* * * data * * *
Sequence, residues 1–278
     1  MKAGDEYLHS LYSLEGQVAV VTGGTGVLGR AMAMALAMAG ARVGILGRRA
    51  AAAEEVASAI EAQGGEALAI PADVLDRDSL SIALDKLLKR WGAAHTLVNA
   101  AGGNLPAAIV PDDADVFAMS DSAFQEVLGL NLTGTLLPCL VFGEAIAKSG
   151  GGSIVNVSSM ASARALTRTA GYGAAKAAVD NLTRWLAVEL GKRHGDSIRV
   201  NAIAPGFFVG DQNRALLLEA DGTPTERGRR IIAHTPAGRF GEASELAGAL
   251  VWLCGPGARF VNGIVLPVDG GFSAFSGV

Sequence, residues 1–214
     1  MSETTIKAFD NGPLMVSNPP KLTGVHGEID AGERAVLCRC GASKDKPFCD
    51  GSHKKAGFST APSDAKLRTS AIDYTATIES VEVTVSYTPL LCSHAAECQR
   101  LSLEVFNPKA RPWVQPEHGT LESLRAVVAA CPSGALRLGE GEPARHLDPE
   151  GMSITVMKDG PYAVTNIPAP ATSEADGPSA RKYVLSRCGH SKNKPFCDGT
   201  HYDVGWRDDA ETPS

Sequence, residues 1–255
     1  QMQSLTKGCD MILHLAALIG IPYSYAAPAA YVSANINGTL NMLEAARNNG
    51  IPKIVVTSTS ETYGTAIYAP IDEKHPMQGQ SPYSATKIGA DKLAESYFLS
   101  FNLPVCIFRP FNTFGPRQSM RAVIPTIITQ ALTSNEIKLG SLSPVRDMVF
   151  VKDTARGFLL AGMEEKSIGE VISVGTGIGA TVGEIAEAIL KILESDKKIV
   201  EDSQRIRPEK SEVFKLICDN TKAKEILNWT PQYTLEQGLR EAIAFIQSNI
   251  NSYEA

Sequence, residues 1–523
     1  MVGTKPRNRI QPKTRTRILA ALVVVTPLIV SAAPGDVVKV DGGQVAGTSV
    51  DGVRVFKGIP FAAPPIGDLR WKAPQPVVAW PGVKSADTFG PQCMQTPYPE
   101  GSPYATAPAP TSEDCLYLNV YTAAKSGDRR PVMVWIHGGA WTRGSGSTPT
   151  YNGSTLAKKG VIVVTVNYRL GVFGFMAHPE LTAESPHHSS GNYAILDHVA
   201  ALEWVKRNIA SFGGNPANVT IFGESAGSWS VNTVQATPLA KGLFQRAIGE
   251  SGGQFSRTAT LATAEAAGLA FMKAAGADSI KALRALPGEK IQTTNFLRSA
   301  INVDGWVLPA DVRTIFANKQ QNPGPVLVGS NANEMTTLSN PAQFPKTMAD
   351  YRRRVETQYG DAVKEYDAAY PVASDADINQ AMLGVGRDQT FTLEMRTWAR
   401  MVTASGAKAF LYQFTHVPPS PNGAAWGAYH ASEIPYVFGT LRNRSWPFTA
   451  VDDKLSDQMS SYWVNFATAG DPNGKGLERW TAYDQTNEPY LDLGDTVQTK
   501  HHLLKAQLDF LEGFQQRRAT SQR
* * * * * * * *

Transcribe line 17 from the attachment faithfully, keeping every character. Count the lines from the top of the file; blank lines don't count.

   101  FNLPVCIFRP FNTFGPRQSM RAVIPTIITQ ALTSNEIKLG SLSPVRDMVF